Sunglasses: Framed for summer

The height of summer has most definitely arrived, so if you haven't invested in a quality pair of sunglasses — now is the time. Here we narrow down a few of the standouts on
Sunglasses: Framed for summer
When menswear commentators espouse the credentials of sunglasses being the most capable accessory in terms of being an imperative instrument of practicality, and a dynamic source of cool, they would be right. It wasn’t always that way though. The swagger they emit as a fashion accessory came much later in their timeline. Emperor Nero looked through flat polished gems to reduce sun glare when watching gladiators fight in the Colosseum; Inuit tribesman fashioned slitted masks, this time to reduce snow glare, whilst other early adopters included Chinese judges who wore panes made of smoky quartz to conceal their emotions when interrogating witnesses in court. Sunglasses of hoary antiquity, they’re nevertheless the seeds of modern-day sunglasses history. Fast-forward to the 1930s, tinted lenses were donned by the greats of the silver screen to combat the bright lights of movie sets and camera flashes. In doing so, the tinted lenses suddenly elevated the status of sunglasses as not only a functional instrument, but a voguish fashion accessory. Movie stars saw them as a vital tool in disguising and protecting physical health ailments, whilst Al Pacino’s excuse was more psychological; remarkably the star of The Godfather and its sequels admitted wearing them because he was shy. Their power to elevate your appearance cannot be overstated, whilst shades in different forms and shapes have played a pivotal role in helping to define different subcultures.
Deep-rooted in The Reference Library's collection is a magnificent celebration of subcultures. Gordon Ritchie, the entrepreneur behind the brand has maintained the framework of classic styles, but infused traces of subversive cool, that brilliantly captures an atmosphere or mood. Possibly the most masculine shape, the aviator style, developed in the ‘30s for air force pilots has become a trend-proof model. The square aviator shape with double bridge in tortoiseshell, is an unflashy interpretation of the aviator style – and is multifaceted in the way that it works with a myriad of outfits. The Reference Library’s Mickey style with blue lenses is a subtle nod to the Fleet Street journalists, racetrack drivers and movie actors of the 1970s. Not too dissimilar, but with a more rounded shape are the Stevie sunglasses, which are offered in tortoiseshell with pale green lenses and black with black lenses - the latter very much in the mould of the most iconic shades worn by movie greats such as McQueen, Newman and Redford. Ray-Ban are the sunglasses equivalent to the pioneers of modern swimwear brand, Vilebrequin. If you’ve a strong jaw, wide cheek bones, then you're definitely cleared to fly in Ray-Ban’s aviators which come in gold frames with brown lenses. To emulate Steve McQueen in The Thomas Crown Affair, 1968 you could turn to an aviator design from Persol.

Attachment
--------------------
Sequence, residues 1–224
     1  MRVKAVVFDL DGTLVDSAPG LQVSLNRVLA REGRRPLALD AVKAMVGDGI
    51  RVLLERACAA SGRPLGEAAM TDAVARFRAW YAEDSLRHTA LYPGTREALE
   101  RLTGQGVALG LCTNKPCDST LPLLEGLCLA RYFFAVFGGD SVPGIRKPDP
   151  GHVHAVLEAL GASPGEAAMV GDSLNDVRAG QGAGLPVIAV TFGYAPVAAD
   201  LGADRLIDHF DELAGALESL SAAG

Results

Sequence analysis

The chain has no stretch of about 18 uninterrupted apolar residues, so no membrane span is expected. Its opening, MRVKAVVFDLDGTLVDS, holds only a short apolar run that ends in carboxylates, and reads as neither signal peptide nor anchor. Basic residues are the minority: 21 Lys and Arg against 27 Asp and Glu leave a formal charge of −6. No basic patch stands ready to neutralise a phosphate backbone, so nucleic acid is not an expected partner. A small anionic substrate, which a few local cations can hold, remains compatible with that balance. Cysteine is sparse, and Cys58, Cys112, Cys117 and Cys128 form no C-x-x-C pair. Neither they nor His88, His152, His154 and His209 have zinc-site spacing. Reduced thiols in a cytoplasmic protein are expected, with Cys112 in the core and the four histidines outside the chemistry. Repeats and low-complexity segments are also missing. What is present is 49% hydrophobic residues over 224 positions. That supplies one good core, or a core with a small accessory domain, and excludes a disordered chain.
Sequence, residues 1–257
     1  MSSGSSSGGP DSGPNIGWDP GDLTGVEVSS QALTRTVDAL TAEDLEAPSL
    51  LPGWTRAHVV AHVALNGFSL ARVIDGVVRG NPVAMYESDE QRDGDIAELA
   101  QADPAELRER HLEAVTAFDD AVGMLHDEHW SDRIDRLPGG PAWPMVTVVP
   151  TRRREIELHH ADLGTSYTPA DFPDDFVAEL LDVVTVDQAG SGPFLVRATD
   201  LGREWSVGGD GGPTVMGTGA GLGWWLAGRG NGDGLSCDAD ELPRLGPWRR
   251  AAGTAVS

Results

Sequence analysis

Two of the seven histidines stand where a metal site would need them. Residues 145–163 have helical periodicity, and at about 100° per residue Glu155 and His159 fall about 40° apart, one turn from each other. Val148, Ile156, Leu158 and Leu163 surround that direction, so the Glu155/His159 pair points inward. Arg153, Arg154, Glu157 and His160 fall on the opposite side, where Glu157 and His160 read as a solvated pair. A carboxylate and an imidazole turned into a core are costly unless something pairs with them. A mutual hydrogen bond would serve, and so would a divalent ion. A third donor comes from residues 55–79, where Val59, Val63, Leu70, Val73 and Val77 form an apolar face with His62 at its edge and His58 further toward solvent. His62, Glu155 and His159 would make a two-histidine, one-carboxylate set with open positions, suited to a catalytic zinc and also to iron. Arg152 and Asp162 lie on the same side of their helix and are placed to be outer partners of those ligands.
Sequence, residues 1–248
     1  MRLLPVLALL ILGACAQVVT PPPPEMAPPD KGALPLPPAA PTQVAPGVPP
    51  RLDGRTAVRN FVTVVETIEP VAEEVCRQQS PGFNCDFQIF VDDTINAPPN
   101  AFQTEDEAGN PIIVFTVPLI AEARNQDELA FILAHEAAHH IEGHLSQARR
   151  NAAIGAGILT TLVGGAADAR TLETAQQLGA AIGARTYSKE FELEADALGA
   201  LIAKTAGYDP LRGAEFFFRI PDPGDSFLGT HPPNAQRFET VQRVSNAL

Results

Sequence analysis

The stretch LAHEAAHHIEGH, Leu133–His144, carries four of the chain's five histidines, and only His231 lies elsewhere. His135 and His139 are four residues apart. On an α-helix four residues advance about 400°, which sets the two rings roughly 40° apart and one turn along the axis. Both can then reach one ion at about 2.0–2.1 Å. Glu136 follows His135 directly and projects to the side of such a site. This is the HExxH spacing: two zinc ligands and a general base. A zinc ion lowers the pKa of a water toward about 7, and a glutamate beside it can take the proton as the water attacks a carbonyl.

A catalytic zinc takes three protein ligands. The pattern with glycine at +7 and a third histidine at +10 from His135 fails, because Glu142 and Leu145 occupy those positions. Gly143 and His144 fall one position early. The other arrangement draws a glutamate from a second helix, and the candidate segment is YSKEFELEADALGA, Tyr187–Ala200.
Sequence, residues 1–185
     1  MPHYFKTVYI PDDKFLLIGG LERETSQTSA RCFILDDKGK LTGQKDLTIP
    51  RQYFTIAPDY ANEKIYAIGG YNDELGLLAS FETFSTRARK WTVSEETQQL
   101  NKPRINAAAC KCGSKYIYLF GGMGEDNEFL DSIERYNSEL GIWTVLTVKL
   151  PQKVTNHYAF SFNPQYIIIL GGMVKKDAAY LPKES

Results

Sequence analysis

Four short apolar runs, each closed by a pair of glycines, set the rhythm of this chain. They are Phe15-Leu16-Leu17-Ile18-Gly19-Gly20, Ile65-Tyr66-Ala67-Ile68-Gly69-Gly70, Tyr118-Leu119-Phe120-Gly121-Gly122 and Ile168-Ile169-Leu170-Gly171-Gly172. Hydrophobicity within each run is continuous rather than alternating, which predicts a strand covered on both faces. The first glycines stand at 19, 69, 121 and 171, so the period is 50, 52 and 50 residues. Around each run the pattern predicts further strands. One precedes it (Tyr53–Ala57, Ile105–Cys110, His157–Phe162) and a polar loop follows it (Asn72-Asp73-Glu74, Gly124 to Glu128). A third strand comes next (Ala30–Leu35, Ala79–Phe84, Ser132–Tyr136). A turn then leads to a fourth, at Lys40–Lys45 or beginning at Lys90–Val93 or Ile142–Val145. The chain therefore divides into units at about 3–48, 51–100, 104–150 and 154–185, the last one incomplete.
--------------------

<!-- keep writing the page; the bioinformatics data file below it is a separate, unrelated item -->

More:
Not so common in the sartorial menswear scene, The Reference Library have well and truly mastered the wraparound shape with their Gene model. With brown lenses and brown frames, they certainly have a soulful attitude to them, and would complement an outfit that features a tailored jacket with wide peak lapels, and trousers with a slight flare. This subtle take on the wraparound also comes with black frames and green tinted lenses. Whether it is thanks to John Lennon or not, round sunglasses have certainly kept their place on the podium of sunglasses styles. Handmade in Italy by the company’s artisans, The Bespoke Dudes Eyewear have a comprehensive range of the style. The cran matte classic tortoishell acetate tobacco sunglasses are a particular standout and add a touch of classic simplicity to your look. Elsewhere, the Alex model from Curry & Paxton is not short of character. Featuring a keyhole bridge to support your nose, it is the dark blue gradient lenses that give them a cool, vintage aesthetic.
One of the most recognisable models in filmic history, the Yvan worn by Michael Caine in the Harry Palmer films and in his own time is a foolproof option. Universally flattering and endlessly cool, they’re shaped from Mazzuchelli cellulose and include five-barrel hinges. The high-grade dark lenses offer a broad-spectrum of UV protection. The world’s foremost purveyor of luxury optical goods since 1875, the frames of the Californian collection by E.B. Meyrowitz are quite frankly museum pieces. Understated, yet oozing with quality, due the models being made by the most skilled hands, any one of the collection is certainly a shrewd investment piece.